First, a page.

Debra Pascali-Bonaro, a midwife, birthing educator and doula has over 25 years experience helping to deliver babies. Her video, ‘Orgasmic Childbirth’ was five years in the making, and followed several couples on their journey towards experiencing ecstatic childbirths, not necessarily free from pain, but augmented by pleasure and sensuality.
About the film – which can be purchased online by interested viewers in the Middle East – Pascali-Bonaro explained that it explores “the sexual nature of birth and its powerful role in the lives of women who are permitted to experience it fully. People who see this film reexamine everything they thought they knew about the act of giving birth and its life-affirming potential for both parents and baby.”
As a follow up to her groundbreaking video on the topic, Pascali-Bonaro has published a new book, Orgasmic Birth: Your Guide to a Safe, Satisfying and Pleasurable Birth Experience (June 2010).
The book, co-authored by Elizabeth Davis, provides information on the basics of childbirth and takes it one step further. It aims to prepare woman to be advocates in their own ecstatic labor and delivery experience, which medical science now admits in a normal, if not frequent, variable experience.
In fact, it has been reported that anecdotal studies suggest that up to 30% of women have had some sort of ecstatic sexual reaction during childbirth. It is, in the words of another midwife, ‘the best kept secret.’
How can this be? How is it possible for a woman to not only avoid pain but also potentially experience an orgasm while she is giving birth?
The Science Behind Blissful Birth
Christine Northrop, author of the bestselling Women’s bodies, Women’s Mind’s, and an advocate for Orgasmic Birth explains, “All of the pathways that are involved in sexual pleasure are in fact stimulated by birthing a baby. And when you can allow yourself to open in the same way you open to orgasm, the exact same experience is possible.”
Objects going in or out can stimulate a woman’s body. The direction does not matter. And during childbirth, women experience hormonal surges that diminish pain. The most important player is oxytocin, also known as the caregiver or bonding hormone.
Oxytocin is released when we orgasm, when women breastfeed, and during childbirth, and is responsible for all those feel good ecstatic sensations. Research demonstrates its potential to diminish pain, and ameliorate the symptoms of certain autistic disorders. Studies with intranasal oxytocin also led to increased empathy in men.
From an eco-sexy perspective, it’s fair to say that oxytocin is a laboring women’s most benevolent friend if an environmentally and natural way to reduce pain is her goal. But there is a catch in this scenario: oxytocin a shy little player in the endocrine system and ‘behaves’ differently than other hormones, for worse (if you don’t know how it functions) or better (if you do).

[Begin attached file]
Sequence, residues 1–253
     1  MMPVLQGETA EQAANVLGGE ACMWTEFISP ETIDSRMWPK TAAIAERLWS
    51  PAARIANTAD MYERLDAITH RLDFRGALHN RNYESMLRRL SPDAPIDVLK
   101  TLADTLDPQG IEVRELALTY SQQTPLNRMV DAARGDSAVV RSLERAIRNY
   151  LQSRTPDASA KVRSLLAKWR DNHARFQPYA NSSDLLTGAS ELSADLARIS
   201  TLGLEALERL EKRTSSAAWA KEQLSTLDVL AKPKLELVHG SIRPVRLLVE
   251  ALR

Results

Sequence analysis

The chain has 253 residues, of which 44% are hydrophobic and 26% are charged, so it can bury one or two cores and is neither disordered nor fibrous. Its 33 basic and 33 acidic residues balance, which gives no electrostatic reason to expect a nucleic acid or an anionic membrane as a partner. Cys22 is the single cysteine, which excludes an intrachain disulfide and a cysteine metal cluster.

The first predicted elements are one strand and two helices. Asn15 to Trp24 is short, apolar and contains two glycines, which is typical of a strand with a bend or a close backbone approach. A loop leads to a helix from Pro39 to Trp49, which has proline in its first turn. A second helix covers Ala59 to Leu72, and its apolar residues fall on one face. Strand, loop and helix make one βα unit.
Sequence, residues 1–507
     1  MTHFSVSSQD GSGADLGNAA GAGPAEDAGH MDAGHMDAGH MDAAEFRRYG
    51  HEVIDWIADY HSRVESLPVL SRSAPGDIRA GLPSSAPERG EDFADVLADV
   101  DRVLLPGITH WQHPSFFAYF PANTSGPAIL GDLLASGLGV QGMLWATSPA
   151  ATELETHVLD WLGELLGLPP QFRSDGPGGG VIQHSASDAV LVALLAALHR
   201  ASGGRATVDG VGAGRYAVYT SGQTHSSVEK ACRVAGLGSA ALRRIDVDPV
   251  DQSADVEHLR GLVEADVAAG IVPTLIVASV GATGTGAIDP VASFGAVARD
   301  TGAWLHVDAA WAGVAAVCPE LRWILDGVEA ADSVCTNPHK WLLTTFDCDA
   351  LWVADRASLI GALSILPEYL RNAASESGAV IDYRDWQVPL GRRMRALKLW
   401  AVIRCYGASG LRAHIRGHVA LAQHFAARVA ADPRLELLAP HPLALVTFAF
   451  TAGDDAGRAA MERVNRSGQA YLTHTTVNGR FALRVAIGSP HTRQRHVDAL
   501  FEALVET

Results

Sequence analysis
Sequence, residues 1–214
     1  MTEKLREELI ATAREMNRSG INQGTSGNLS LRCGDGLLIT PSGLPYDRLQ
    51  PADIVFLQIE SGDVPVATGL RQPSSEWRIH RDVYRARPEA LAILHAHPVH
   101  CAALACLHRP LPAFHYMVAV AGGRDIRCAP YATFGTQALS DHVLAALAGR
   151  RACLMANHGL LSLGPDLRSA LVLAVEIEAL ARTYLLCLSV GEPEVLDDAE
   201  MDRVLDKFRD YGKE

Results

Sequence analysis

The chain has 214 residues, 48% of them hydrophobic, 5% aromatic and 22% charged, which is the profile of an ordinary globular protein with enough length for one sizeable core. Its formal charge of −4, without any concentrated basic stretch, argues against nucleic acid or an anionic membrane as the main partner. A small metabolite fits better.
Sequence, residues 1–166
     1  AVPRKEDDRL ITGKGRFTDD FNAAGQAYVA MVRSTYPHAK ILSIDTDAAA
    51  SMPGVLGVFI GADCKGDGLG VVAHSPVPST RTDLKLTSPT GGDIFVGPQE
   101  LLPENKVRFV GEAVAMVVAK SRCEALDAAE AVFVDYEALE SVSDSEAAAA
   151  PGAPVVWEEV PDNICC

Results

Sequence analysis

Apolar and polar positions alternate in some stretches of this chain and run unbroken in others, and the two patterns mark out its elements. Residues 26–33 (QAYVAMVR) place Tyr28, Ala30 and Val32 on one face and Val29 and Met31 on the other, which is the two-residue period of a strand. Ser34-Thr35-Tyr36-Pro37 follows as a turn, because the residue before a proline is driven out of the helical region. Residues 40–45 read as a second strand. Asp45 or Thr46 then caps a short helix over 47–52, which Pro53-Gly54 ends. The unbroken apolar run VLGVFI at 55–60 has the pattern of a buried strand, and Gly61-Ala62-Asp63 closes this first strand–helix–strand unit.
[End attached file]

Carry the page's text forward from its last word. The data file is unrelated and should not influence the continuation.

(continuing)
First, it is secreted in spurts and not continuously, like most hormones. Additionally, levels decrease over time unless you retrigger its release. Things like fear, bright lights, or having strangers watching you can easily inhibit its release. Kisses, caresses, sensual touch, and self-pleasure can help increase its release.
Two other bits of information to add to this intriguing information: Studies show that couples who engage in more non-sexual touch have higher levels than those who experience less physical affection. Second, anecdotal data to suggest that genital massage during birth may help prevent perineum tearing.
The Future of Childbirth?
Pulling this all-together leads to one intriguing possibility: Imagine that most everything you know about childbirth is in fact an artifact of fear, modern medicine and Hollywood hype, and that pleasure may indeed be as likely an outcome of birth as pain.
And then consider this legacy for the next generation of birthing mothers: Quiet room, dim lights, husband kissing his wife, massaging her perineum, whispering loving words to her, all while she’s in a state of ecstasy. As the baby is crowning, she is given clitoral stimulation to bring much needed blood and reparative nutrients to the genital region, so that instead of tearing, her perineum is flushed with blood, preventing damage to her sensitive, sensual tissues?
We are the first to acknowledge that this is a revolutionary shift in thinking for most of us who take the hospital birth setting for granted. In no way is ‘orgasmic birth’ meant to replace a doctor or midwives care.
Instead, it challenges the status quo, and us, to open up to new possibilities, one that includes pleasure as a woman’s right during the most miraculous moments of her life.